As I am coming up to retirement age this year I remember with fondness my time at Sir John Cass and wish one and all who went there all the very best. Good memories!

    Reply
    1. Linda Pownall

      Well Michael, I also came from your side, I lived behind Finsbury Square and either walked or used the tube from Moorgate. I moved with the seniors to the new school and left in 1969. It’s strange when I read about Mr Casey, he certainly was a love or hate kind of guy, such mixed stories I hear about him.

      Reply
  2. Doris Harrison nee Proctor

    I have some interesting photos of Founders Day in the late 50s. It is strange how one teacher can make or break you. I had Mr Owens as my teacher. I did well under him and excelled at English. I decided to stay on to take more exams and Mr Casey arrived. He took six of us for English and made me look an idiot in front of everyone. It happened every time he took us. I eventually stood up to him and he sent me outside. Never in my life had I been sent outside of the class. Mr Owens came along and wanted to report him to the head, who was Mr Barrel. But I said no and decided to leave school and go to work.
    So one person loved his teaching and excelled with him and I just lost confidence and left school.

    Reply
  3. Linda Pownall

    Doris, I remember after moving to the new school in Stepney a woman teacher called Mr Casey a misogynist! As I said in the above comment, I have heard so many differing comments about him. Some admired the man, some thought less of him as you did. I had a couple of run ins with him, but thought him a good teacher.

    Reply
  4. chriss woods nee morgan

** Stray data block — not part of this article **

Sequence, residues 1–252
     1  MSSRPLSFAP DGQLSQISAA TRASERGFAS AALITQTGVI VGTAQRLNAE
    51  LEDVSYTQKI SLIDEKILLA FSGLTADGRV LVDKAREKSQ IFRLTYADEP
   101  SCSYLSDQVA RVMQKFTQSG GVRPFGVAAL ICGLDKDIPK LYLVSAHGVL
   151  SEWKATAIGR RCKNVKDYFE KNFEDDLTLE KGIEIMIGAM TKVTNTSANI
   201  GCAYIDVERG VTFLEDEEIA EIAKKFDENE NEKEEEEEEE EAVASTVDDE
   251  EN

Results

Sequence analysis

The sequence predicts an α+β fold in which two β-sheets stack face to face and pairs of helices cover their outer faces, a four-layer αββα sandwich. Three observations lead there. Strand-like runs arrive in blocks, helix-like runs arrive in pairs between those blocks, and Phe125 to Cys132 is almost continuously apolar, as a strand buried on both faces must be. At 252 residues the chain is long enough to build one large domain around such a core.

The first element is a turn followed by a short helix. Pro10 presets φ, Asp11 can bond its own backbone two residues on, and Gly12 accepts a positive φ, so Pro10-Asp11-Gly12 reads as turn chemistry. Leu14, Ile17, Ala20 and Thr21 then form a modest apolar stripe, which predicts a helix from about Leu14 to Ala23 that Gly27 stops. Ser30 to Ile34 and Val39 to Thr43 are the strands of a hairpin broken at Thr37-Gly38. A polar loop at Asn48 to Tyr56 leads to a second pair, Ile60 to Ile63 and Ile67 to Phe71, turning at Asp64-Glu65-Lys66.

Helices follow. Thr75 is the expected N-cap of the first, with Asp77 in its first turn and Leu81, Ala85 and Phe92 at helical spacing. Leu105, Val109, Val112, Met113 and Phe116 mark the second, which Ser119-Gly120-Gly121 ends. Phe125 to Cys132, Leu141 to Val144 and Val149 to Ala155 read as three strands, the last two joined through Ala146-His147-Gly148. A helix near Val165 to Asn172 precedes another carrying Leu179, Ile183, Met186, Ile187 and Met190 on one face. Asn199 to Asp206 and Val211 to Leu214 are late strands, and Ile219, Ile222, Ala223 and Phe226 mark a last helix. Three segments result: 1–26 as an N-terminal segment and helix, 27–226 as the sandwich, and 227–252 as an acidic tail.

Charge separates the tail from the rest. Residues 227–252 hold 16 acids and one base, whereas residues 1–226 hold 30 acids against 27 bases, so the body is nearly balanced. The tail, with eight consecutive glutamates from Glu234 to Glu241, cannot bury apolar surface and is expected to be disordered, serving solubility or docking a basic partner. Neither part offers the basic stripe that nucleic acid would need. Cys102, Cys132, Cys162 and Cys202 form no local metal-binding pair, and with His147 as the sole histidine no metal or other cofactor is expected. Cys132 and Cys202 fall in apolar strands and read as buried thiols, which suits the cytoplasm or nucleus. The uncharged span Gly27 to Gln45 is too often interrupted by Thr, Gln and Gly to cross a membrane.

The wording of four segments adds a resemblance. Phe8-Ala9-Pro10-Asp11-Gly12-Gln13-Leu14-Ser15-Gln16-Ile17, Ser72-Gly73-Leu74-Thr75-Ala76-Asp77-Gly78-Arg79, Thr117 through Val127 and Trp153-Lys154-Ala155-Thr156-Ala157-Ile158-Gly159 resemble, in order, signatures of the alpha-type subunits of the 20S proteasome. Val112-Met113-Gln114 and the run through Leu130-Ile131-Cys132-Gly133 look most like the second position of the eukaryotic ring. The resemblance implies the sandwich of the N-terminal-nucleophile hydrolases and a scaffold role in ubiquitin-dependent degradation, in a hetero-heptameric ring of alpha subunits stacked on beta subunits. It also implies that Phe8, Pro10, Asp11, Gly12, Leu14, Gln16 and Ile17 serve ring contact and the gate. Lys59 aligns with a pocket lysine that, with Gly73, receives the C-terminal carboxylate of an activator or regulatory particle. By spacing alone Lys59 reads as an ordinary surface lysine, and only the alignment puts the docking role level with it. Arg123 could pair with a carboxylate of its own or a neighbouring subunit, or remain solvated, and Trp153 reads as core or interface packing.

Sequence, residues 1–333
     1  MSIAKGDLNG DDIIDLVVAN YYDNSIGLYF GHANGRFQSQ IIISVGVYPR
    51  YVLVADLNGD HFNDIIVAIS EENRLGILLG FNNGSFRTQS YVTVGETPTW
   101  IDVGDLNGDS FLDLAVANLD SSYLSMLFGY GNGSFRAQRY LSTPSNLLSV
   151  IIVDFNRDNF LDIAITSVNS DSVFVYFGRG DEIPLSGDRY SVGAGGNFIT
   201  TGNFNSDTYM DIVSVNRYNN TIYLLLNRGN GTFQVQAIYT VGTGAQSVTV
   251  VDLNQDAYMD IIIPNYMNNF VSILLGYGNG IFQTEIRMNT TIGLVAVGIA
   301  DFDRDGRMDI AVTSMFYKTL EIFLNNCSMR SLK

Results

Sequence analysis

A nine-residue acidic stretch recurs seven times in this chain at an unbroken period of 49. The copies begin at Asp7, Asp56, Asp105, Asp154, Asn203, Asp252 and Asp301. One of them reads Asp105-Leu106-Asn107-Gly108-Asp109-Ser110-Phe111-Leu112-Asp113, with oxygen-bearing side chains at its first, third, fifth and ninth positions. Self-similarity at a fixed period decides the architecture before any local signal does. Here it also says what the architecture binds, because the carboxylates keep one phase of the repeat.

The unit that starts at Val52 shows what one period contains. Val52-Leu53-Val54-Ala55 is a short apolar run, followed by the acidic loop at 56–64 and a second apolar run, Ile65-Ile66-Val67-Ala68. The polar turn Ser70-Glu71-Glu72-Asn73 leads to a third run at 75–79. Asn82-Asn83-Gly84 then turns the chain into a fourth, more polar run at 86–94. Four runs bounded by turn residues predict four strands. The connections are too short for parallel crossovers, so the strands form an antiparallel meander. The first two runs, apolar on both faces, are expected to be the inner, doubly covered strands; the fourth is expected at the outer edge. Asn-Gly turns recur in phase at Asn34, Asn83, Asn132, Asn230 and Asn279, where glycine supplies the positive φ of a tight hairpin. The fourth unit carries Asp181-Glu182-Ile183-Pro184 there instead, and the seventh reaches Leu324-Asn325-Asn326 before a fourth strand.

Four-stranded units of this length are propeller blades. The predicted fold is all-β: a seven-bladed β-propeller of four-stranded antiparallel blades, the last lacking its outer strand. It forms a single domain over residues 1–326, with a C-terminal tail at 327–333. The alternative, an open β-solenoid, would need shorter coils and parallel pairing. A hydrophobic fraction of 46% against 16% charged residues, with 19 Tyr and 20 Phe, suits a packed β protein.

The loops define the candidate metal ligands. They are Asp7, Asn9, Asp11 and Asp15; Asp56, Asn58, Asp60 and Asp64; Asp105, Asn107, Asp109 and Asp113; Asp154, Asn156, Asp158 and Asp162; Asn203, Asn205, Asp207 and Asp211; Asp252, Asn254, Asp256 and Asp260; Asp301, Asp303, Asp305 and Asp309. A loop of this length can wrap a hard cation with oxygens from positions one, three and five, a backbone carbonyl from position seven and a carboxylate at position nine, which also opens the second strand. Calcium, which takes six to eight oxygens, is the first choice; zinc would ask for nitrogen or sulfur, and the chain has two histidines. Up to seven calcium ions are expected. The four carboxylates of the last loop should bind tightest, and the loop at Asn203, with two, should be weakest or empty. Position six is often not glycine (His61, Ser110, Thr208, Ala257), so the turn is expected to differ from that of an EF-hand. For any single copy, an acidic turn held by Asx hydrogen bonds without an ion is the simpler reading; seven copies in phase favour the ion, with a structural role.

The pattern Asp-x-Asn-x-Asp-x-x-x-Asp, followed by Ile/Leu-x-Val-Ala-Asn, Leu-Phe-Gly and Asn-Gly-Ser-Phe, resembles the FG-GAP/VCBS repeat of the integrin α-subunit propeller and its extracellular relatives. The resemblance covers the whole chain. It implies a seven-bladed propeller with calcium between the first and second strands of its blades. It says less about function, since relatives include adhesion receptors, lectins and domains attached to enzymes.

well undoubtably great memories from my school years spent in Cass Aldgate, from the scottish dance team with Mr Owen yes the perfect gentleman mentioned to whom i was known as Blodwen, to angel Gabriel in the Christmas productions in St Botophs with Mr Strevens.Mr Casey yes he got the job done athough i do remember the blackboard rubber flying across the room regularly,at the boys in A 1 .He was strict but gained respect and i did like him.
    I do remember in later years the 3b boys giving the french and geography teacher a bad time indeed 3b gave all the teachers a bad time but the likes of Reardon and Plumber great guys.
    Year 4 school trip to Switzerland somehow a group of us were locked out of the hotel i definately thought Mr Barrels office was the first port of call on our return.Yes it was but not for the reason i suspected.The years selection for prefects had been made and i was one of them.

    Reply
  5. Connie Sandamas

    Hi I was at Cass, 1951- 62 headmasters. There were 3. Mr Hawes, mr Pearson and the mr Barrell .i thought it a great school still keep
    In touch with some friends . Miss Masterton was strict but nice actually all strict. Think mr Casey hated my friends & I
    Told us once to jump off the platform at Aldgate East, Could have him up for that now! Still different times then, fond memories
    Anyway

    Reply
  6. Stephen Owens

    Hello
    Does anyone know if Mr Owens christian name was Oswald Frederic , if so he was my 1st cousin 2x removed and I would love to hear more about him and a photo if possible. For the past 10 years or so I have been researching my family tree and I know that he was a teacher in the City of London and also an officer in the Indian Army , also he married in 1972 . He was born in 1908.